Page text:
May 24, 2018: Clinical Linguistics & Phonetics
https://www.readbyqxmd.com/read/29790122/talking-points-a-modulating-circle-reduces-listening-effort-without-improving-speech-recognition
#7
Julia F Strand, Violet A Brown, Dennis L Barbour
Speech recognition is improved when the acoustic input is accompanied by visual cues provided by a talking face (Erber in Journal of Speech and Hearing Research, 12(2), 423-425 1969; Sumby & Pollack in The Journal of the Acoustical Society of America, 26(2), 212-215, 1954). One way that the visual signal facilitates speech recognition is by providing the listener with information about fine phonetic detail that complements information from the auditory signal. However, given that degraded face stimuli can still improve speech recognition accuracy (Munhall et al...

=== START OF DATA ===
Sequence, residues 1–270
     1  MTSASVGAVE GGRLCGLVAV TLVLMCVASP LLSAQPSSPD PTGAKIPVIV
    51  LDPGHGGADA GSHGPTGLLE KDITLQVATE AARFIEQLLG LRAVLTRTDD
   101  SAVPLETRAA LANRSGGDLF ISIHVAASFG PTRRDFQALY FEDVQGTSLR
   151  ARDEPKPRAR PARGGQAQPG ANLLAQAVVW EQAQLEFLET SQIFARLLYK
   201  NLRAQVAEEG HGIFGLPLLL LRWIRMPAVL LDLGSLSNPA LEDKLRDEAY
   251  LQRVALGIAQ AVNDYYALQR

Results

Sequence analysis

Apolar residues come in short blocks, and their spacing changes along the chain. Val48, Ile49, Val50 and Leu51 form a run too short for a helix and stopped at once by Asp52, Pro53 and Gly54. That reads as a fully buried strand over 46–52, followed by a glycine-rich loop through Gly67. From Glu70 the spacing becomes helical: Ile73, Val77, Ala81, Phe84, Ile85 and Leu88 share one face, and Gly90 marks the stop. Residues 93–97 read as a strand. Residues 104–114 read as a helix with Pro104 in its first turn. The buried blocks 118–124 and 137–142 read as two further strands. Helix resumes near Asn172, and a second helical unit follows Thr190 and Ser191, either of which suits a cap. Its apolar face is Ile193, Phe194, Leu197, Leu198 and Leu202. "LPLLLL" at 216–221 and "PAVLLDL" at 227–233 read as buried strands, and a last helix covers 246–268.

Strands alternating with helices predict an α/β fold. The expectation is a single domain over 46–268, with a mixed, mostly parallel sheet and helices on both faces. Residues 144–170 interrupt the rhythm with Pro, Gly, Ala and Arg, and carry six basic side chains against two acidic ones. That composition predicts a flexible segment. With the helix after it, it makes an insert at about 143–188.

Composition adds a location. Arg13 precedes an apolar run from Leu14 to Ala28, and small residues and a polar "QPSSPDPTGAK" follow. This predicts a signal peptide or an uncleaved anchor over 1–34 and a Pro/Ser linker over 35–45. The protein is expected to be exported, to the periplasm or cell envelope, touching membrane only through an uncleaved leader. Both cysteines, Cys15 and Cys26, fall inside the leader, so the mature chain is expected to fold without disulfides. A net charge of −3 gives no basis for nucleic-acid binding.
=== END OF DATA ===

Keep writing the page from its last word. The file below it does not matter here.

May 22, 2018: Psychonomic Bulletin & Review
https://www.readbyqxmd.com/read/29779940/encoding-of-articulatory-kinematic-trajectories-in-human-speech-sensorimotor-cortex
#8
Josh Chartier, Gopala K Anumanchipalli, Keith Johnson, Edward F Chang
When speaking, we dynamically coordinate movements of our jaw, tongue, lips, and larynx. To investigate the neural mechanisms underlying articulation, we used direct cortical recordings from human sensorimotor cortex while participants spoke natural sentences that included sounds spanning the entire English phonetic inventory. We used deep neural networks to infer speakers' articulator movements from produced speech acoustics. Individual electrodes encoded a diversity of articulatory kinematic trajectories (AKTs), each revealing coordinated articulator movements toward specific vocal tract shapes...